“It draws raw water from two of the city's water cribs far offshore in Lake Michigan and sends nearly one billion gallons of water per day to consumers in the north and central portions of the city,” says Wikipedia.

Though Jardine is located on a prime lakefront location, unlike Stickney, it couldn't be more peripheral. Nearby is Navy Pier, that collection of kitsch suburban mall attractions. While one is rarely visited, the other is one of the most visited tourist destinations in the city, if not the most popular. Chicago would survive if Navy Pier is leveled to the ground, but it would struggle without Jardine.

Also nearby is Lake Point Tower. Until very recently, i.e., last night, we thought that Oprah Winfrey was domiciled atop this trefoil skyscraper, the only residential structure east of Lake Shore Drive, but apparently not. Still, it was always incredibly exciting to think that when one of the world's most popular, most powerful and wealthiest women gazed out of her palatial windows, the Picturesquely framed views of sublime Lake Michigan included that unrepentant slab of pure post-industrial functionality.

Also very nearby is the future site of Calatrava's Chicago Spire, if it survives the economic crisis.

Deep Tunnel Project

And then there's the Deep Tunnel Project, “a large civil engineering project that aims to reduce flooding in the metropolitan Chicago area, and to reduce the harmful effects of flushing raw sewage into Lake Michigan by diverting storm water and sewage into temporary holding reservoirs. The megaproject is one of the largest civil engineering projects ever undertaken in terms of scope, cost and timeframe.”

Digging started in the 1970s, and it's still unfinished. The entire project is expected to be completed in 2019.

You can watch a YouTube video about the construction here.

Chicago Sanitary and Ship Canal

Another hydrological megaproject is the Chicago Sanitary and Ship Canal, completed in 1900, when according to landscape historian extraordinaire Jo Guldi, “we used to believe that civil engineering was going to transform civilization.”

The canal reversed the flow of the Chicago River, making it the only tributary besides the St. Lawrence River through which precious Great Lakes freshwater flows out. As an artificial conduit, it's a continuing source of controversy. Calls to re-reverse the river are growing louder, as some fear (perhaps overblown) that this diversion can be used by parched Western states as a wedge argument in their a bid to tap into the Great Lakes.

One good place to see the canal in active mode is at the Lockport Powerhouse. Alternatively, you can simply walk along the canal and then segue into Lockport to explore the urban landscape of a post-industrial, Midwestern suburban town.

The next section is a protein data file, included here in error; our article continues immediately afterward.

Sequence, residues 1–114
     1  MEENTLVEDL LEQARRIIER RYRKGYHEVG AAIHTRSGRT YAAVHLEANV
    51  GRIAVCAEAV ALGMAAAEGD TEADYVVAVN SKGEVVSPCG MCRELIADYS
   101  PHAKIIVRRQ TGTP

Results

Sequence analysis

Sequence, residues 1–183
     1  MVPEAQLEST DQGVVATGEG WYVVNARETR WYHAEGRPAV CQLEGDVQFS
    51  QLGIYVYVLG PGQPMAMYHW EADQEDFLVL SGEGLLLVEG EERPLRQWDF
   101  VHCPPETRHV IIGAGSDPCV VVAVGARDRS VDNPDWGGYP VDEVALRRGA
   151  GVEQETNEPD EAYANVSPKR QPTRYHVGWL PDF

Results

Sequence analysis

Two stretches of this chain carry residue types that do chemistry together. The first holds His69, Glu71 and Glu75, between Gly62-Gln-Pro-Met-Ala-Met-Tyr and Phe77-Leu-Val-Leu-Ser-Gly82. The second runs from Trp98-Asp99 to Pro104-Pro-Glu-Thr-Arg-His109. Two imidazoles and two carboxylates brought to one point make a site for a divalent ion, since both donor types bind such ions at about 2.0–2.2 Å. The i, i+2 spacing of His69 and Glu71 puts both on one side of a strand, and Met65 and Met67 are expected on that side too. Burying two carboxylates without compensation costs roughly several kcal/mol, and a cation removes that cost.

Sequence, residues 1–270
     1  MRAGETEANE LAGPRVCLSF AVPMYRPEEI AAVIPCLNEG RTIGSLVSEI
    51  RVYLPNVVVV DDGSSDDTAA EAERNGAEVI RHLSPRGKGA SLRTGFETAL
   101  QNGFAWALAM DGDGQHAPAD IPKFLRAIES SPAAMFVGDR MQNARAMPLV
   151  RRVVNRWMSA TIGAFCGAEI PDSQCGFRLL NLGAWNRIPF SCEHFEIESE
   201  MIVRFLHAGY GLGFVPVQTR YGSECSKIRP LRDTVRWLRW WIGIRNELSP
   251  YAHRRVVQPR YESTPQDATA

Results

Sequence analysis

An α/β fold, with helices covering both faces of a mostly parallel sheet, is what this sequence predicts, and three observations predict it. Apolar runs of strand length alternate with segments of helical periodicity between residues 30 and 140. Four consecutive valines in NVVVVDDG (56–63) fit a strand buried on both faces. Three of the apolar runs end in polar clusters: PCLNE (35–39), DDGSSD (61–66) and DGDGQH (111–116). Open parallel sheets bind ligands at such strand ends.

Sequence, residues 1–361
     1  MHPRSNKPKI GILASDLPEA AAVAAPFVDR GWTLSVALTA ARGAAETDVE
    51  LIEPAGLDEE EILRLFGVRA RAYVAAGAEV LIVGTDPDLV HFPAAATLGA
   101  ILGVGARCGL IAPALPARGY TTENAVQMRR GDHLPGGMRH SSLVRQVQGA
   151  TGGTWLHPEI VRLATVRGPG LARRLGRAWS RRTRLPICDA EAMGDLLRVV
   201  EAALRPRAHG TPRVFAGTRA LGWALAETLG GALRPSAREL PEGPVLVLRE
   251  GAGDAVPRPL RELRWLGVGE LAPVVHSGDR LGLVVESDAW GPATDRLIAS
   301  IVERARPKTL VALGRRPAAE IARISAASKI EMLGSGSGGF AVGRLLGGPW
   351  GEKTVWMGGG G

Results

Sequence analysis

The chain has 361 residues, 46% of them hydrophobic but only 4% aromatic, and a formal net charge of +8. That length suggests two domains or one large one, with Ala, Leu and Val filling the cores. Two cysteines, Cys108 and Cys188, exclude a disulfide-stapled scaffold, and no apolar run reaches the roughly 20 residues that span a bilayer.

Thornton Quarry

For some reason, we didn't think there would be a quarry anywhere near the city, but there is one, Thorton Quarry, located just a few miles south. An even greater surprise is the fact that it's one of the largest in the world.

Hundreds of millions of years ago, what is now Illinois was south of the equator, and a warm, shallow sea covered the region. Reefs were formed, and these mineralized remains of corals, algae and sponges are what's being mined. We don't know how much of the construction materials in the city comes out of Thorton, but we like to think of the highways and skyscrapers here are made of this long lost equatorial landscape.

Now what about electricity? One interesting source is the Byron Nuclear Generating Station.

Byron Nuclear Power Station

To our complete surprise, there are actually several functioning nuclear power stations in Illinois, making it ranked first among the states in nuclear generating capacity. Not all are located near Chicago, but there is a good clustering of them around the city, including decommissioned ones. Beyond the border is a Kuiper belt of sublimely radioactive landscapes, perambulant as though caught in the gravity well of inner city Hyde Park, the site of the world's first artificial nuclear reactor.

As with any tour, there needs to be some side trips, even for one that's already off the beaten track. For instance, one could go to the Fermi National Accelerator Laboratory. Before the construction of CERN's Large Hadron Collider, its particle accelerator was the largest in the world. This is where physicists have elucidated (and still continue to do so) nothing less than the fundamental construct of Nature and the landscape architecture of reality.

Fermi National Accelerator Laboratory

We certainly missed a few places, but you'll let us know which ones in the comments, right?